csv_groups.append([group['name'], refobj['qualifiedName']])

with open(out_path, 'w') as csv:
    for row in csv_groups:
        for cell in row:

This script imports three modules: sys, subprocess, and xml.etree.ElementTree. It also defines four variables: rpd_path, password, xml_path, and out_path all of these variables are assigned a value from parameters passed on the command line.

Note that on line 8 you need to provide the location of your OAS client installation. This is so the script can locate the command line tool.

The script then calls the biserverxmlgen command line tool using the subprocess module, passing in the three of the variables as arguments to generate an XML file from an Oracle BI repository file.

The script then uses the ElementTree module to parse the generated XML file and obtain the root element.

Next, the script extracts all groups from the XML file and stores them in a list. For each group, the script extracts all referenced privilege packages and their associated object privileges and object references.

The script then constructs a nested dictionary for each group, privilege package, object privilege, and object reference, with each dictionary containing a "type" key and a "children" key. The "type" key contains the type of the dictionary element, such as "Group" or "ObjectPrivilege," and the "children" key contains a list of child elements.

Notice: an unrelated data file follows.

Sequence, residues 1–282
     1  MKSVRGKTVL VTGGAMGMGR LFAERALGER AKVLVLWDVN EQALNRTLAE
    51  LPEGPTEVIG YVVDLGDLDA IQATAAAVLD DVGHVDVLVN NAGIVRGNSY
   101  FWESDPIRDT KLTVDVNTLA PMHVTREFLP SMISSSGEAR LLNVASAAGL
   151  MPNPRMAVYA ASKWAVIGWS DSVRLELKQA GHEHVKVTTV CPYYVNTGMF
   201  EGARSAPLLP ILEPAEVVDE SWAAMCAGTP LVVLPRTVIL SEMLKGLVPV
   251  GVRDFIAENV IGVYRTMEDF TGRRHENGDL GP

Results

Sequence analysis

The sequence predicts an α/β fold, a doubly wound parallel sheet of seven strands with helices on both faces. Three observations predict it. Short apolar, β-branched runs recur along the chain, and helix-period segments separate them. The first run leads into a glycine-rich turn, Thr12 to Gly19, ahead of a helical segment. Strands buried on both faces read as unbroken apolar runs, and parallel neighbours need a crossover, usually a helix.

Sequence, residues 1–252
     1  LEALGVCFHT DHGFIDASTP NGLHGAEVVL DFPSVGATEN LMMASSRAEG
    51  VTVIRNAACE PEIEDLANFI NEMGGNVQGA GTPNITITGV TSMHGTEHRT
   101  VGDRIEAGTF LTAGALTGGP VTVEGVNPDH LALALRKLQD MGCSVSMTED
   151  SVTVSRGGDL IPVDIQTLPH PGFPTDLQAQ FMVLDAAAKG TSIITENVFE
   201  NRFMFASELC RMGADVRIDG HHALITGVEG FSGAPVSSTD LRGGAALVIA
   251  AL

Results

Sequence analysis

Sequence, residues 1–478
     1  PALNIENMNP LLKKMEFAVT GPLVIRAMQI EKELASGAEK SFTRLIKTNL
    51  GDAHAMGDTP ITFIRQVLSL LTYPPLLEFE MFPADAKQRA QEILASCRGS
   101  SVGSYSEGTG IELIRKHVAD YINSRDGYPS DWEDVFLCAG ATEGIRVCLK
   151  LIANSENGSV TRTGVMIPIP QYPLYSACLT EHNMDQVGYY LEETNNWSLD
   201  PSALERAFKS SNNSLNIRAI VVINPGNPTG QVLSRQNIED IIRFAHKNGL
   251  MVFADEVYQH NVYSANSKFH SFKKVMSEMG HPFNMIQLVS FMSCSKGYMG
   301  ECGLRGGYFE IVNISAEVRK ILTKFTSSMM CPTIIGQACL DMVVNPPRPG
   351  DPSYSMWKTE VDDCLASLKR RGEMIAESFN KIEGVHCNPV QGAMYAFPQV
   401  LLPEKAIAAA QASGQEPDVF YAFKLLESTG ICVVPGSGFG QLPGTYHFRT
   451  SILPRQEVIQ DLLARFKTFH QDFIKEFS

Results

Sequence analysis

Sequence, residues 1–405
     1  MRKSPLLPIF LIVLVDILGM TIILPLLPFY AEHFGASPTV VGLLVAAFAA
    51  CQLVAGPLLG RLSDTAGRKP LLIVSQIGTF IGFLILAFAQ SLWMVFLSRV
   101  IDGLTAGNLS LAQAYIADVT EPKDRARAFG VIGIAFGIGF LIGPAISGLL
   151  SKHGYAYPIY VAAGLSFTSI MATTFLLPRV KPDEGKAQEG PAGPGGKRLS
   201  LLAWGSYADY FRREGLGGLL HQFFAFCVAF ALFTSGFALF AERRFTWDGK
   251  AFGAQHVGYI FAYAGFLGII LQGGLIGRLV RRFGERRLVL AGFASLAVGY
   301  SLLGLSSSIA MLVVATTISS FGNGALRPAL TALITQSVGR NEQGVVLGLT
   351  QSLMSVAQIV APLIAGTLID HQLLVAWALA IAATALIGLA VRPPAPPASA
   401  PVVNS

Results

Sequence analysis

The script also extracts the name and ID of each group, privilege package, object privilege, and object reference and stores them in their respective dictionaries.

Finally, the script writes the name of each group and object reference to a CSV file specified by the out_path variable. The CSV file has two columns: "Group" and "Object".


All of this work for just two columns! Of course, the beauty and value of getting those two columns is that it now can be integrated into a CICD pipeline. The CICD pipeline can be used to monitor changes in the RPD security. Any changes can be flagged to the team for review. Sometimes we can achieve great things with small bits of information.